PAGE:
Legacies are a bit like children. We wish them well, but have very little control over them.  And although we are most of the time happy to even have one, a few wind up becoming an embarrassment. Take, for example, the strange case of Howard Phillips Lovecraft (1890-1937), who, if he were still alive, would be celebrating his 120th birthday on August 20, 2010. Of the various legacies to which H.P. Lovecraft lays claim, one turned out to be a set of fascinating individuals and subcultures that find religious inspiration in this most creative, though irreligious parent….

(2) Scott Edelman posted a link to the illustrated guide explaining what to do if you meet aliens — presumably the kind in Spielberg movies rather than the ones in Lovecraft stories:

We’re not saying that when it finally happens it’ll happen to you. But on the other hand, it might. You COULD be the person who gets to make first contact with aliens. Don’t you want to make sure you don’t screw it up?

(3) The birthday of comics legend Jack Kirby and the first annual international Read Comics In Public Day fall on August 28. Full details about Read Comics In Public Day are available on Chriss Cornish’s blog.

(4) The Yahoo headline “Radioactive boars on rise in Germany” sounded funny to me ‘til I read the story. Seems this is a continuing consequence of the fallout released in the Chernobyl disaster.

(5) Video chain Blockbuster may be preparing to file a pre-packaged bankruptcy. Wow — not so long ago that business was such a cash cow that the company’s founder was using his spare change to buy the great baseball players who won a World Series for the Florida Marlins. (Though it was long enough that he sold the company — somebody else is suffering its death at the hands of the internet.)

(6) The two largest bookstore chains are in turmoil, with Borders laying off employees and Barnes and Noble appearing to move closer to a sale of the company. People wonder if Amazon will buy B&N to kill it off:

“Amazon has been a thorn in Barnes & Noble’s proverbial side since its inception in 1995, when it was solely a purveyor of books. B&N has consistently lost market share to its non-bricks-and-mortar rival, which has bested it on lower prices for hardcovers,” writes Jeanine Poggi, adding,”Now the battle has gone purely digital.” She notes that, by purchasing B&N, Amazon could eliminate its number one bookselling competitor.

(7) But if the Evil Internet Bookselling Empire is invincible how come the  Kindle is getting punked in the New York Times?

We know how many iPads were sold because Apple is straightforward about reporting the unit sales of all of its products. Amazon is a different story. We don’t know the size of Amazon’s Kindle business because the company is averse to disclosing details of its operations. When it reports its financial results, the company that sells just about anything that can be put in a box or sent electronically divides its businesses into just three categories: “media,” which lumps books, music and videos into one indistinguishable agglomeration; “electronics and other general merchandise,” an even larger, indistinguishable agglomeration; and “other.”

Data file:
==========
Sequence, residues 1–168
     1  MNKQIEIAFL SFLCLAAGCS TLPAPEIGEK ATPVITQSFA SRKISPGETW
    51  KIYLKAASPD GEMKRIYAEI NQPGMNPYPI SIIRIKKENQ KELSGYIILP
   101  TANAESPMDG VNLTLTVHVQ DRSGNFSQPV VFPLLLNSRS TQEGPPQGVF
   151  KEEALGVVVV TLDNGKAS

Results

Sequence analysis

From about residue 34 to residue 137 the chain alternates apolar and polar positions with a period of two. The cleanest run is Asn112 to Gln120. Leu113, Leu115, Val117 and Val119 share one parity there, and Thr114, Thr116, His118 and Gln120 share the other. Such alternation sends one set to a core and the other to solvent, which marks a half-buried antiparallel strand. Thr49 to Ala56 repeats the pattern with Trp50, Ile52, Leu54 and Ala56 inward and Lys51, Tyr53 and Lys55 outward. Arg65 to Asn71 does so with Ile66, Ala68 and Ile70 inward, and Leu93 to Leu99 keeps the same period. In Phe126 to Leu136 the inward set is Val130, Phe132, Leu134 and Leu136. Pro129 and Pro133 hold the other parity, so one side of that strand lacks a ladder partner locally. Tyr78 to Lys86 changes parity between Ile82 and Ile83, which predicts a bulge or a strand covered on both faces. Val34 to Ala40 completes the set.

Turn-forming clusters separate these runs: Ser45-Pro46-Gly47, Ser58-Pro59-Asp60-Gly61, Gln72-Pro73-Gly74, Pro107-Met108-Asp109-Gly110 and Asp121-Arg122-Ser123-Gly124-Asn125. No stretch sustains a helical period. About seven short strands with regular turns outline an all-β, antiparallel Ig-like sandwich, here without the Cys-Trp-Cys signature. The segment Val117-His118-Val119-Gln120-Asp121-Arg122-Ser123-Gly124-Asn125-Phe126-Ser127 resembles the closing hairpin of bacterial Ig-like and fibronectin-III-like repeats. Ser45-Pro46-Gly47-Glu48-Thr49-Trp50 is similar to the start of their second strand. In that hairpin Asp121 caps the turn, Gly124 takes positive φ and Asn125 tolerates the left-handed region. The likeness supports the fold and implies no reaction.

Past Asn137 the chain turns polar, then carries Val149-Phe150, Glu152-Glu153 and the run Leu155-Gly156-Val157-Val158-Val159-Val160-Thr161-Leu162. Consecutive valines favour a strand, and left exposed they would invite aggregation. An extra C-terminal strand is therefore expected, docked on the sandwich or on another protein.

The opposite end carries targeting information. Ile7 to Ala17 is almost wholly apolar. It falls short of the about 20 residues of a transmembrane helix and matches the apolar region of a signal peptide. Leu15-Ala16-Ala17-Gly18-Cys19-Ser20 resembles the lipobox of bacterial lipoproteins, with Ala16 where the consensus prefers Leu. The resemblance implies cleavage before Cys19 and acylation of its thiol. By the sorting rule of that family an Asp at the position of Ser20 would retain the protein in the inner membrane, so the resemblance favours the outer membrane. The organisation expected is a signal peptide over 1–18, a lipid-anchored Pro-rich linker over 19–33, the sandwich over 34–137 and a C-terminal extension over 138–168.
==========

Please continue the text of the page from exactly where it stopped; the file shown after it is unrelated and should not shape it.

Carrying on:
…. Sure, Amazon can talk of a future 20th-generation Kindle. But unless it’s brave enough to reveal Kindle’s actual sales numbers, it sounds as if it’s whistling past the graveyard. Dedicated word processors, purpose-built machines of the 1970s, had a good run of about 10 years.”

(7) According to danwei on Twitter, the World Chinese-Language Science Fiction Research Workshop has released its August newsletter.

(8) Here are links to YouTube videos from George Clayton Johnson’s 81st birthday party:,,,–U4xA.

(9) Annie Wu is an impressive artist!

By Annie Wu.


(10) Michael Dirda reviews William Patterson’s biography of Robert A. Heinlein in The Washington Post.  And at, the publisher is running a Heinlein symposium with articles by Jo Walton, John Scalzi, etc.

(11) What are Toronto’s top minds reading this summer? Fascinating stuff. For example, Eugenia Kumacheva, Professor of Chemistry at University of Toronto recommends Eurekas and Euphorias: The Oxford book of scientific anecdotes by Walter Gratzer:

This is an insightful and entertaining book that describes the episodes of drama and comedy of scientific discoveries. Although entitled ‘an Oxford book of scientific anecdotes’, it can be opened at random to meet scientists making discoveries in prison cells or in a madhouse, the physicist dissolving his Nobel Prize medal in acid in order to prevent it from falling into the hands of the Nazis, or the battle of the female scientist with the French Academy.

(12) Dave Langford has allowed his Corflu 2010 photos to be posted on Graham Charnock’s website. Dave teases, “There are no captions, so no point in following the link unless you can recognize shifty fan characters like Earl Kemp and Ted White…” Of course I recognize them — it’s all those British fans I last saw in 1995 whose names are escaping me. And no picture of that Langford fellow, of course. (You’ll figure it out in a moment.)

(13) What fun is fandom if nobody thinks that Buck Rogers stuff is crazy anymore? I hear the local tv news neglected to make fun of the 2010 NASFiC: